BELLEVUE, Wash. — A mother who lost her son to an accidental overdose in September is speaking out after two other teens overdosed in Bellevue last weekend. 

The boys, one from Bellevue and the other from Yarrow Point, thought they were taking the painkiller, Percocet. But the pills are believed to have been laced with fentanyl. Luckily, both of those teens survived. 

However, Bellevue police detective Jim Keene said this is an example that highlights the fentanyl crisis.  

“You must assume that any pills not purchased with a prescription contain fentanyl. Fentanyl is extremely addictive and lethal in very small doses. It’s cheap to make and dealers manufacture their own pills using fentanyl. These young men are lucky to have survived,” said Keene. 

Keene said several years ago, when fentanyl was becoming more visible on the streets, it was easy to spot. Fake pills crumbled easily and noticeable fake imprints. Now, the pills look exactly like something you would get at the pharmacy or have in your cabinet. 

“Sometimes even the first pill you take can be lethal, and that’s the message we are trying to get out to a wider audience,” Keene said. 

Much like the two teens who overdosed over the weekend, Olga Davidov-Beirer’s 16-year-old son Lucas believed he was taking Percocet when in reality, it was a lethal dose of fentanyl. 

Davidov-Beirer said she can’t be certain, but she believes Lucas was taking what he thought was Percocet for back pain. He was no longer playing football at his school due to a back injury and had complained of bad back pain hours before his overdose. 

RELATED: Eastside counselor warns of 'extreme risk' of teen opiate addiction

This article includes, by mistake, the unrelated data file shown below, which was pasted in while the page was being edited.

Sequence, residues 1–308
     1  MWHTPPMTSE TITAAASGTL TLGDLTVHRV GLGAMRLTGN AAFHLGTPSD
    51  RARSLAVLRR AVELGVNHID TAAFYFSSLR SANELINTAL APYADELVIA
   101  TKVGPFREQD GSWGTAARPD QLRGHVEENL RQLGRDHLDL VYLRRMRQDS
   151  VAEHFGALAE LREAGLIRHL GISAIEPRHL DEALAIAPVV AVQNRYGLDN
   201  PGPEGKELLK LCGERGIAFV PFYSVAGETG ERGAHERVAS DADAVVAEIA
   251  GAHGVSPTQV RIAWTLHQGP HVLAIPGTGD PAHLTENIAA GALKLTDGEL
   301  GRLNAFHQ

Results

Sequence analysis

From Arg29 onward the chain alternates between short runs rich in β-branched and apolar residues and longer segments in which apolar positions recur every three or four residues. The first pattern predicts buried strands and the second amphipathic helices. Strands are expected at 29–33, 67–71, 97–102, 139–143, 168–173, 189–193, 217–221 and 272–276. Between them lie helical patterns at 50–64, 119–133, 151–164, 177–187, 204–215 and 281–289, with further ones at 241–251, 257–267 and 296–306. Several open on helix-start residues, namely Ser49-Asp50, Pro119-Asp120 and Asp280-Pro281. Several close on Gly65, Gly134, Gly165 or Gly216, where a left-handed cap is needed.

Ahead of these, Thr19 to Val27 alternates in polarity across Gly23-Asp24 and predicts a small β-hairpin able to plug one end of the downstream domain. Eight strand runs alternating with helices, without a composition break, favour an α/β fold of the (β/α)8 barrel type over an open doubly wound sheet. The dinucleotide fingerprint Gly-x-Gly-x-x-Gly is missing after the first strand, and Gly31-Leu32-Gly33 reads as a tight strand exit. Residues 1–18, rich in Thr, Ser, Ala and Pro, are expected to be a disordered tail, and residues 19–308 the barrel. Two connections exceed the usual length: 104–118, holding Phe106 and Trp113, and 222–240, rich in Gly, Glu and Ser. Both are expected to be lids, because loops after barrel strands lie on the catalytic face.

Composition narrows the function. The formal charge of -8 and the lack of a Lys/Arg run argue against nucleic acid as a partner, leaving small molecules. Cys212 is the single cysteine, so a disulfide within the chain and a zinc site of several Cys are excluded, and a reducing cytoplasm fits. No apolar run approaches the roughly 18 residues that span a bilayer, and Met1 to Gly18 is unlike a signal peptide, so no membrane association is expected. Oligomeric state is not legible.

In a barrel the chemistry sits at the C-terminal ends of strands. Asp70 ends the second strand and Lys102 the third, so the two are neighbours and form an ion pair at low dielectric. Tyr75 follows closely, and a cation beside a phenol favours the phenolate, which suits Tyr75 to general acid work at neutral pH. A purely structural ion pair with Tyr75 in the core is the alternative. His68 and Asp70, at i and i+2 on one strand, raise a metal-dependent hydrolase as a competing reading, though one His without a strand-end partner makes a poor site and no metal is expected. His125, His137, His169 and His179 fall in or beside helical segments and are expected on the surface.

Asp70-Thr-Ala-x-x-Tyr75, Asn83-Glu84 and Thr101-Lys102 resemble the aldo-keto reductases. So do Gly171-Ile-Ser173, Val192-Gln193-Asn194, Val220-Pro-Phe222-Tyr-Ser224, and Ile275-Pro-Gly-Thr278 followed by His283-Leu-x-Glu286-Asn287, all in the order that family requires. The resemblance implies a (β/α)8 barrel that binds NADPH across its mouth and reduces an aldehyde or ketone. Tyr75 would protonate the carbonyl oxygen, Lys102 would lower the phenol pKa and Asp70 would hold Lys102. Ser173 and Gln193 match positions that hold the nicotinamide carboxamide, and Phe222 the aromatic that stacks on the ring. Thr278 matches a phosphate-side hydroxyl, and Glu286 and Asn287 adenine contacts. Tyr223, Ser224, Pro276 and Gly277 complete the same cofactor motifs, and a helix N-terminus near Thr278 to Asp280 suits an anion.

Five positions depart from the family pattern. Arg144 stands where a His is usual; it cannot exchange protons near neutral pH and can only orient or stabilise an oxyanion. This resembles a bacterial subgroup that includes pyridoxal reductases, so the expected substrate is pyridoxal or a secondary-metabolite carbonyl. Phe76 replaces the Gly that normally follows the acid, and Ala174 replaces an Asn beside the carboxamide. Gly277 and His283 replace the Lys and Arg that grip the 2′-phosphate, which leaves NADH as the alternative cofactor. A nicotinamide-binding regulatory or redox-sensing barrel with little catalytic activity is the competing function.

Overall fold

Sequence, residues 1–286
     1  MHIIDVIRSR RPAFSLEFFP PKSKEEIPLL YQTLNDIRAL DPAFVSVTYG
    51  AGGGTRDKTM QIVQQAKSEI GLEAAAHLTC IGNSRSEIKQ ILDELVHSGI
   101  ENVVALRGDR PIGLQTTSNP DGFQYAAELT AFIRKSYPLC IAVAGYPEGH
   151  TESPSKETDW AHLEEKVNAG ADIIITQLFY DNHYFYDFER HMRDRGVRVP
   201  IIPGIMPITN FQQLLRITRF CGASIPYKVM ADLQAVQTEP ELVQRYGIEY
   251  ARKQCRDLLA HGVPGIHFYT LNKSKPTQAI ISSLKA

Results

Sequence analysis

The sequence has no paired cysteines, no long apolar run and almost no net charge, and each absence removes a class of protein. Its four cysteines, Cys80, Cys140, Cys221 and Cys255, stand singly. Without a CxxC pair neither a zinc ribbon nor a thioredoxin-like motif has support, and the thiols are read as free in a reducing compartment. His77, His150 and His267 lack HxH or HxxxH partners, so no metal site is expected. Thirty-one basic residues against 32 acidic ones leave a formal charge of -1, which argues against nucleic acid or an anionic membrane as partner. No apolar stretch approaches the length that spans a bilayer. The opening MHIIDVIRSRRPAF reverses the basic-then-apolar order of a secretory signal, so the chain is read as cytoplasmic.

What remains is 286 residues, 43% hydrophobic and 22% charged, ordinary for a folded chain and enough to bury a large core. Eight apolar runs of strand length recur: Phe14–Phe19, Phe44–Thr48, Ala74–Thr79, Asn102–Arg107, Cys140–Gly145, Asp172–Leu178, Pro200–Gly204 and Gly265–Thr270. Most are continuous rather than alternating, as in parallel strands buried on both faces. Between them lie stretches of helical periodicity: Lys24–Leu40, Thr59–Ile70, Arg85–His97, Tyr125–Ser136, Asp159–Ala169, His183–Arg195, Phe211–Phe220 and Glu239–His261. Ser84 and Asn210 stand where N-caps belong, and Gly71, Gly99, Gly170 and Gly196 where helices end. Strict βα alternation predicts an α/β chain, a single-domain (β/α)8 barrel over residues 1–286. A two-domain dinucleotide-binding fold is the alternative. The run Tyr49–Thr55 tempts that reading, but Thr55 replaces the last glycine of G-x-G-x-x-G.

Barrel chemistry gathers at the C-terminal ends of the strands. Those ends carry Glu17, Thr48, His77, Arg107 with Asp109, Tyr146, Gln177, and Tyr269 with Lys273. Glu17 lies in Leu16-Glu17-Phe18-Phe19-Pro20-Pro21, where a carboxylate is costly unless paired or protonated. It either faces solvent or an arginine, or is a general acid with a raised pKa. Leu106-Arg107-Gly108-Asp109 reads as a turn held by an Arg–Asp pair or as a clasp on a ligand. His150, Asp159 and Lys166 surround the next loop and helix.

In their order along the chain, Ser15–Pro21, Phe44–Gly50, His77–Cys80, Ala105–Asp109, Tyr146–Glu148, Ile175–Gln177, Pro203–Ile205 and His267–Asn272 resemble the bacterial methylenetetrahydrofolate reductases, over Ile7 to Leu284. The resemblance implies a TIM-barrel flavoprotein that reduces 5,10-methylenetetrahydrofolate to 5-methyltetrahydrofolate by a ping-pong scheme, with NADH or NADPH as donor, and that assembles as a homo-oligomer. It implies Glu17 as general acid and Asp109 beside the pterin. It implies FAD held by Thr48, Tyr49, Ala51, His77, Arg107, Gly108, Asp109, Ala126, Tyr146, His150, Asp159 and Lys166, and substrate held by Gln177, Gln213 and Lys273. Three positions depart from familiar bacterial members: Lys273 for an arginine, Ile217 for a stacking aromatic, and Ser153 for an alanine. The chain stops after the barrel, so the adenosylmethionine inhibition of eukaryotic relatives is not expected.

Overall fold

Davidov-Beirer said her son was taking advanced classes, was proud of his high SAT scores and was a great athlete and person-- someone who didn’t fit the bill for what she initially thought the face of overdose looked like. 

Although it’s only been five months since Lucas’s death, Davidov-Beirer is using her experience to educate both parents and teens. 

“Everyone, regardless of what your job is, what your status is, what your lifestyle is, needs to know what fentanyl is. It can kill your son. Your son can be a high athlete, he can be the best student in the class, he could be in leadership programs, but he could still be the one who would take the one pill and his life could be finished,” Davidov-Beirer said.

She said the issue of addiction is something that is way beyond her, and it’s something that’s up to us as a society to fix. 

“Lucas will always be in my heart. My whole life, I just want to tell (others) about drugs because as long as I talk about it, Lucas is alive. For me, it's a purpose to live and to help others,” she said. 

Western Washington officials say there have already been at least 9 overdoses this year alone involving teens.

RELATED: Skyline High School community confronts opioid crisis after two student deaths

RELATED: Service honors Sammamish teen who died of fentanyl overdose

In Washington state, if you call 911 to report an overdose, you cannot be prosecuted for possession of the drugs that may have caused the overdose under current law. 

All fire department and EMT workers in Bellevue carry Naloxone on them. Naloxone, the generic name for Narcan, is used to reverse the effects of an overdose in an emergency situation.

Currently, only select departments in Bellevue PD carry Naloxone. Keene said there will soon be a department-wide rollout of carrying Naloxone. 

Naloxone is available for the public at most pharmacies with a prescription.